Mr. Thorn said the eight union groups have printed about 100,000 fliers in all and still have roughly 20,000 left to hand out.
* Cambodian opposition-aligned trade unions call for strike after Lunar New Year:
Union activists hand out flyers to garment workers in front of the Canadia Industrial Park on the outskirts of capital Phnom Penh, Cambodia, April 9, 2014. Representatives of 18 opposition-aligned trade unions and associations on Wednesday called a weeklong strike scheduled for April 17-22. (Xinhua/Phearum)
Representatives of 18 opposition-aligned trade unions and associations on Wednesday called a weeklong strike scheduled for April 17-22.
Dozens of union activists handed out leaflets to workers in front of the Canadia Industrial Park on the outskirts of the capital on Wednesday during a lunch break.
According to the leaflets, the strike organizers demanded a 160 U.S. dollars minimum wage for garment workers and the release of 21 detainees who were arrested in early January during violent protests.
Sar Mora, president of the Cambodian Food and Service Workers Federation, spoke to reporters that the 18 unions and associations were urging workers to go on strike following Lunar New Year holidays from April 14 to 16.
Pav Sina, president of the Collective Union of Movement of Workers, said the opposition-aligned trade unions represented over 100,000 out of 600,000 workers in about 900 garment and shoe factories in the kingdom.
A 23-year-old garment worker at the Canadia Industrial Park said he might not join the strike for fear of job loss.
“Of course, we want higher wage, but job stability is more important,” said Nuch. “If I have no job, I have no money to support my family.”
Current monthly minimum wage for garment workers is 100 U.S. dollars, up from 80 U.S. dollars last year.
read more. & to read.
* BetterFactories Media Updates 10 April 2014, Unions spread word of strike through radio, web:
* to read in the printed edition The Phnom Penh Post:
2014-04-10 Unions drum up strike support
* to read in the printed edition The Cambodia Daily:
BetterFactories Media Updates Overview here.
00:13:05 local time BANGLADESH
* Fire at Ashulia factory:
At least 10 people were injured as a fire broke out at Rangdhanu Spinning Mills garment factory in Balibhadra area of Ashulia, outskirts of capital Dhaka, on Wednesday night.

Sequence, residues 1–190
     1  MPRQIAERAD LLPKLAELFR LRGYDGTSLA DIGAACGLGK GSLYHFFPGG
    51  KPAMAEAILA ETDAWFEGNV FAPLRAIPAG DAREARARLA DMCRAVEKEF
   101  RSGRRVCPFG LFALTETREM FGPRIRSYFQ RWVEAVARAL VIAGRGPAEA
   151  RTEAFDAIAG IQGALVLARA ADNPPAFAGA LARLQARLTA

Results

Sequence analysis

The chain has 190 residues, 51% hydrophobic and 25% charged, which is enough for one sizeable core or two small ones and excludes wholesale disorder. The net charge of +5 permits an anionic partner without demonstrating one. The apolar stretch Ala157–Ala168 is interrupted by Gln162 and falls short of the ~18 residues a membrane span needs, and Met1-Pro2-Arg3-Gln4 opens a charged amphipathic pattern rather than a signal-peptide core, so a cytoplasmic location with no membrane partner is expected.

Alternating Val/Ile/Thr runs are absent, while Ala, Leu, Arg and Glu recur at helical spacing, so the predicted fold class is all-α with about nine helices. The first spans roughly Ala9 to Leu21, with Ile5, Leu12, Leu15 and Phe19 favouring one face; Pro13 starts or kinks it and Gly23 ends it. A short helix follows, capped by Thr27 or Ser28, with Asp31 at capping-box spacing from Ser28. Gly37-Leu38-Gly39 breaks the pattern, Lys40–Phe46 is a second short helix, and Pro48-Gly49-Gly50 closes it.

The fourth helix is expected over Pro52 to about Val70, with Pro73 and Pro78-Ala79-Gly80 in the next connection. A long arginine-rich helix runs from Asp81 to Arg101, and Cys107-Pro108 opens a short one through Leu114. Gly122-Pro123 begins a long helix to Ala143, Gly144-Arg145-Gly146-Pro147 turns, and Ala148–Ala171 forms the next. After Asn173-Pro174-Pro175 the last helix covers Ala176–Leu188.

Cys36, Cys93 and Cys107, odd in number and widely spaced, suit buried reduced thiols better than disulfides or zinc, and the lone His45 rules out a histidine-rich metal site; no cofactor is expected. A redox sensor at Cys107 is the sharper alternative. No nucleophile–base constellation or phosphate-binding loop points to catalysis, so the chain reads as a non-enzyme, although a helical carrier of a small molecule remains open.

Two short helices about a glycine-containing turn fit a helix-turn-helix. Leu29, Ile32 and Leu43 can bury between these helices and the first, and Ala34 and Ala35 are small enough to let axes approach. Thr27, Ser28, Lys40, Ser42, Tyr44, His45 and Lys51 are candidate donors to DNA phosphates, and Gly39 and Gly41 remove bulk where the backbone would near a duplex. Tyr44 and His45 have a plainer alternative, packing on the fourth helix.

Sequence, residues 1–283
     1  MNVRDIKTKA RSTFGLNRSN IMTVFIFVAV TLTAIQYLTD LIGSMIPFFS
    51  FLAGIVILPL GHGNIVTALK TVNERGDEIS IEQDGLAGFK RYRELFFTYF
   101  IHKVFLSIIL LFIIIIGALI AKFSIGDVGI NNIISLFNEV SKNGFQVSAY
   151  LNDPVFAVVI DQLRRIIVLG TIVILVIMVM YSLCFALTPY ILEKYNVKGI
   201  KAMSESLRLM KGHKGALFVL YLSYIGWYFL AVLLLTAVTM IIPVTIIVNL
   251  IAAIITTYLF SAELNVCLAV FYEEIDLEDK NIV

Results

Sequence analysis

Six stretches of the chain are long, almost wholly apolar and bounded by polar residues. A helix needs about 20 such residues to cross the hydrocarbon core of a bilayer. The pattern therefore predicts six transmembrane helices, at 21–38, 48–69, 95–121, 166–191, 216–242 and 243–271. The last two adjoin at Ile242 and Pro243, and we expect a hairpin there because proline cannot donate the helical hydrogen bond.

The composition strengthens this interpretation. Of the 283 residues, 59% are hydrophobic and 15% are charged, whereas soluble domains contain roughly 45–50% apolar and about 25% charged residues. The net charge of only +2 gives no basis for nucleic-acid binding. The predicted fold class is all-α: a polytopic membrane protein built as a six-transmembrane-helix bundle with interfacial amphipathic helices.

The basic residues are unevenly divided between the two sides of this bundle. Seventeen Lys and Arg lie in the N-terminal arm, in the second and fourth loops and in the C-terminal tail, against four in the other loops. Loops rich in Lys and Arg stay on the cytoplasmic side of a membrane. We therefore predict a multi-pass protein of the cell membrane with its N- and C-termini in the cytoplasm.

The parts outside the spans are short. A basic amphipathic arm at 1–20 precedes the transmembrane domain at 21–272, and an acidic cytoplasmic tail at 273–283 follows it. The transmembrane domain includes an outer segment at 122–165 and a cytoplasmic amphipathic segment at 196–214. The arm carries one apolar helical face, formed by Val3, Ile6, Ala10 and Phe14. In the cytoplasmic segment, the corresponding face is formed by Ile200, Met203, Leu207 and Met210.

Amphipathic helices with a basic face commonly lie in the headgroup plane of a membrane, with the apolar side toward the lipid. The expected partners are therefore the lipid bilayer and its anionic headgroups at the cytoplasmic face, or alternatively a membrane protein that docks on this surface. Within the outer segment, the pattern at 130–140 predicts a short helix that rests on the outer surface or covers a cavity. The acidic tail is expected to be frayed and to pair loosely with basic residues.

The fire originated at 8:15pm.
Factory workers made an instant attempt to douse the flame and later they informed the fire fighters as the blaze spread out.
Two fire fighting units are trying to douse the blaze.
Dhaka Export Processing Zone (DEPZ) Fire Service Station official Abdul Hamid said, “The fire are about to be controlled and two fire fighting units are working on.”
to read. & read more. & read more. & read more.
* More risky garment factories shut:
Bangladesh authorities have closed four garment factories and partially shut down two others after engineers hired by Western retailers detected major structural flaws in the plants, an official said Wednesday.
The move came amid increased inspections from retailers who are checking 1,500 factories in an effort to prevent a repeat of the disasters that have killed thousands of workers in recent years.
A top government official told AFP that a government panel ordered the closure of four factories in a multi-storied complex in the port city of Chittagong and two floors of separate factories in the capital Dhaka.
“We’ve found serious structural flaws in the Chittagong building complex. It was too risky. So we have shut down the building,” said Syed Ahmed, head of the department of factory inspections.
* Factory inspections cost 11,500 jobs:
A total of 11,500 workers have so far lost their jobs after authorities were forced to close down nine garment units over safety concerns following bad inspection reports.
Shahidullah Azim, vice-president of Bangladesh Garment Manufacturers and Exporters Association (BGMEA), said the factories — five in Dhaka and four in Chittagong — can reopen after appropriate remediation, which can take six to twelve months.
The remediation can take up to hundreds of thousands of dollars for each factory, so the BGMEA has sought for financial assistance from the international retailers.
Mikail Shipar, secretary to the ministry of labour and employment, said the steering committee of the Accord on Fire and Building Safety in Bangladesh, a platform of around 150 retailers mostly headquartered in Europe, met with him yesterday to discuss the matter of financial assistance.
“The Accord officials said they are ready to assist the garment owners for remediation of buildings, but the question they raised is how they would remit such a huge sum of money to Bangladesh.”
* RMG retailers call for lifting duty on safety equipment:
Six associations of US and Canadian retailers yesterday urged the prime minister to immediately withdraw the high duties on import of essential safety equipment that can undermine the current efforts to improve worker safety.
“Regrettably, the current high duties on Bangladeshi imports of key safety equipment can make what is already a costly but very necessary investment in remediation next to impossible,” said a letter signed by the leaders of the associations.
To improve workplace safety, it is predicted that “tens, if not hundreds, of thousands of dollars” is needed per factory to improve the exits, install fire safe doors and sprinkler systems, restructure the factory and so on.